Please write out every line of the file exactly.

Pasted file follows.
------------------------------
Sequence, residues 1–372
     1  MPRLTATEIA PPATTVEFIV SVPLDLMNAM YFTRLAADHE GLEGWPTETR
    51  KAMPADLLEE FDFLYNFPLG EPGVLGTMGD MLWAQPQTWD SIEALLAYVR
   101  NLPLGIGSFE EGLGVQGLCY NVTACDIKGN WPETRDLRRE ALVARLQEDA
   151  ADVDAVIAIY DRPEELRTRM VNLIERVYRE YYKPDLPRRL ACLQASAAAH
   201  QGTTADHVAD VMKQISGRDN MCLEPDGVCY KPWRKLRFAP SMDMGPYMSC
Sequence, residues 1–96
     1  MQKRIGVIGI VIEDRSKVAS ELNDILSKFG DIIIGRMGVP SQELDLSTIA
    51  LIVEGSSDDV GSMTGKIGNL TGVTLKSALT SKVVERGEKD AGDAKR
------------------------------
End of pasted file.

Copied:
Sequence, residues 1–372
     1  MPRLTATEIA PPATTVEFIV SVPLDLMNAM YFTRLAADHE GLEGWPTETR
    51  KAMPADLLEE FDFLYNFPLG EPGVLGTMGD MLWAQPQTWD SIEALLAYVR
   101  NLPLGIGSFE EGLGVQGLCY NVTACDIKGN WPETRDLRRE ALVARLQEDA
   151  ADVDAVIAIY DRPEELRTRM VNLIERVYRE YYKPDLPRRL ACLQASAAAH
   201  QGTTADHVAD VMKQISGRDN MCLEPDGVCY KPWRKLRFAP SMDMGPYMSC
Sequence, residues 1–96
     1  MQKRIGVIGI VIEDRSKVAS ELNDILSKFG DIIIGRMGVP SQELDLSTIA
    51  LIVEGSSDDV GSMTGKIGNL TGVTLKSALT SKVVERGEKD AGDAKR